Heat Treatment

Populations of all life forms show characteristic death rates when exposed to elevated temperatures, pressures, and concentrations of certain chemicals. Enzymes show similar inactivation kinetics. The benefits of heat preservation, for example, the high inactivation rates of microbes and deteriorative enzymes, considerably outweigh the

Table 5. Typical Temperatures, Pressures, and pH Values in Food-Processing Operations


Example of use

Limits of applications

Cryogenic freezing—liquid nitrogen Cryogenic freezing—solid carbon dioxide ( - 78.5°C) Cryogenic freezing—air, plate and aqueous base freezants (-40 to — 5°C) Refrigerated storage (0-10°C) Room temperature storage, air

(20-40°C) Water, air, atmospheric steam (50-100°C)

Oil, steam, infrared radiation

(180°C) Various infrared radiation sources (180°C)

Heat-transfer media

Rapid freezing to minimize moisture loss

Rapid freezing

Commercial freezing; parasite and insect destruction; storage; freeze drying

Commercial refrigerated storage

Canned and dry food storage

Pasteurization of milk and eggs; blanching; sterilization of acid foods (pH 4.5); air drying; cooking;

Thermal sterilization of nonacid foods; destruction of antinutritive factors

Frying, roasting, baking, generation of browning reaction products

Surface heating for flash drying, peeling

Cost, stress cracking during freezing Cost

Foods not suitable for freezing

Microbial growth possible

Suitable only for preserved and packaged foods

Excessive times will cause poor color, flavor, and structure

Rapid thermal degradation of nutrients, pigments, structure, and flavors Short duration surface treatments

Charring, pyrolysis without precision control

101 kPa 0.1-1 MPa

pH 12

33% sodium hydroxide


Freeze (hying

Hypobaric storage, deaeration, vacuum concentration, vacuum cooling Most processing operations Steam sterilization, over pressure for glass and pouch packs; carbonated and aerosol packaged food Extruders, hydraulic pressing, homogenization, microbial and enzyme inactivation at 1 GPa (10,000 atm) and higher

Hydrogen ion concentration

Acid hydrolysis

Lemons, limes, vinegar, organic acids Fruits, acidified foods Normal pH of most foods

Solubilization of certain proteins for extraction, alkali process cocoa Limed corn

Peeling of fruits and vegetables

Cost Cost


Cost, specialized products

Must be neutralized Taste

Noncompatability of foods; protein denaturation

Must neutralize to normal pH for consumption

Color, flavor, nutrient loss Surface treatment only, must neutralize to normal pH for consumation

"To convert kPa to mmHg, multiply by 7.5; to convert MPa to atm, divide by 0.101.

drawbacks, for example, heat-induced losses of desirable food nutrient, structures, colors, and flavors.

The heat treatment needed to inactivate microbes or enzymes can be calculated from the energy for activation and the known rate of inactivation at a given temperature, usually 121°C. These values depend on the food system and its pH, water activity, and chemical profile. Typical activation energies and inactivation rates at 121°C for heat-resistant microbes are 209-335 kJ/mol (50-80 kcal/mol) and 0.1 to 10 decimal reductions/min. Commercial heat preservation operations assume a starting concentration of C. botulinum spores (mixed varieties) of 10 to 12/g and an inactivation rate of 5 to 10 decimal reductions/min at 121°C.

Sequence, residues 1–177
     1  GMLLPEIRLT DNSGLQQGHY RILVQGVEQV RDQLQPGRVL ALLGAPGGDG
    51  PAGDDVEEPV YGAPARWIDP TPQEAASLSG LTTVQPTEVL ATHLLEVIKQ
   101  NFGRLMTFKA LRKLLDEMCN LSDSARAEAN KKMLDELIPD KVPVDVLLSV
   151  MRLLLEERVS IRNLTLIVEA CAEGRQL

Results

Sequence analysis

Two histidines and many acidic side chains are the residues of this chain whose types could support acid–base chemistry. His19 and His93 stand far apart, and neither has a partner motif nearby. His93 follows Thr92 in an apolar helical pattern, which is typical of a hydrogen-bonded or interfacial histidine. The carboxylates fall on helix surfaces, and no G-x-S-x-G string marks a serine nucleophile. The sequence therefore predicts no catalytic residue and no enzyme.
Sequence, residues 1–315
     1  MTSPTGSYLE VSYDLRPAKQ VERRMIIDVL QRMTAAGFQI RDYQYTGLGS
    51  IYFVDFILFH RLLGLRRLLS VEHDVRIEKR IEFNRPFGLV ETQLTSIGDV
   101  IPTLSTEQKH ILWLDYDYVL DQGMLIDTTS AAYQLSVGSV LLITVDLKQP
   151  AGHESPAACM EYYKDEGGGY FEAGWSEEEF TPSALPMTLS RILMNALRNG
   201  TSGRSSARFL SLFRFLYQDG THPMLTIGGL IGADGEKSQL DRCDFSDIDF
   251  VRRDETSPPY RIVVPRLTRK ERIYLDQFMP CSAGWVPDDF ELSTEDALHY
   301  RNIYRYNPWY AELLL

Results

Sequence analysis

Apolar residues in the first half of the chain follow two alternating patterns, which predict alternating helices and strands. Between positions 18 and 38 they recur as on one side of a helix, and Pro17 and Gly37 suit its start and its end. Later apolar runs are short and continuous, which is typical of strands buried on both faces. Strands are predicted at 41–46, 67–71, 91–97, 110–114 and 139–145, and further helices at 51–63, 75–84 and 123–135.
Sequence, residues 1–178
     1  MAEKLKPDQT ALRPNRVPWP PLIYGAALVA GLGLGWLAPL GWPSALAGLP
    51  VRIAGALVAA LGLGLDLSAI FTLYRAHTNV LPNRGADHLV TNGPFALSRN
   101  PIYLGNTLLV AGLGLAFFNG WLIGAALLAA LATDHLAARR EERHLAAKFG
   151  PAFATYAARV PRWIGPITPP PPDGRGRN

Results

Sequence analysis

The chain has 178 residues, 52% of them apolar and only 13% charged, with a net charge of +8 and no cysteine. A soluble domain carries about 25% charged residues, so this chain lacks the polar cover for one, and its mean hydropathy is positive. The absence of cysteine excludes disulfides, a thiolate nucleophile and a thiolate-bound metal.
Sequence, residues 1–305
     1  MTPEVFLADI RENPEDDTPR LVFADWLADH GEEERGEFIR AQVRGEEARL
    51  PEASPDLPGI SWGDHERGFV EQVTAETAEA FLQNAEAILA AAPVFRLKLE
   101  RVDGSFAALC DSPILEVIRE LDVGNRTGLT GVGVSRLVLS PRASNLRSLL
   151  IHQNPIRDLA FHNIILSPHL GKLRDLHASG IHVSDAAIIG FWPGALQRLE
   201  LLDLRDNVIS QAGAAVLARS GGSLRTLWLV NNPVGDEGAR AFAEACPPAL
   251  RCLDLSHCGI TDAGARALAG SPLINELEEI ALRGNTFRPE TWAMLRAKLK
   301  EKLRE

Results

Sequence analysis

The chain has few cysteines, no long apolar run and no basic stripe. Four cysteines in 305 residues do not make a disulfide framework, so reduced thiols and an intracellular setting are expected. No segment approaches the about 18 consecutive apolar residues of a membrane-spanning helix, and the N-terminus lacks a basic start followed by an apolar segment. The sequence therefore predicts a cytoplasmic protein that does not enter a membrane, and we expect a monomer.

Preservation heating times at any temperature can be determined by integrating the lethal temperature-time effects at the slowest heating point in the package. Thus if the geometry of the container and the thermophysical properties of the food are known, it is possible to calculate the heating time necessary to ensure a safe level of microbes or residual enzyme activity in the food and the residual concentration of desired nutrients. In general, higher life forms (eg, insect eggs, mites, etc) are killed by even mild heat treatments. Computer programs are available for determining safe heat-preservation operations when given information about the product, including its initial temperature, container characteristics, fill, and heat-exchange system (pure steam, steam-air, water, etc).

The hydrogen ion is extremely toxic to most microbes. Foods having a pH below 4.5 can be commercially sterilized by heating to 100°C with a limited holding period.

Aseptic preservation involves performing separate heat-preservation operations on the food and the containers prior to assembly. Liquid products can be heated and cooled rapidly under optimum conditions of heat transfer in specialized heat exchangers. The sterile product is packaged under sterile filling conditions into sterile unit retail packages, drums, or bulk-storage tanks.

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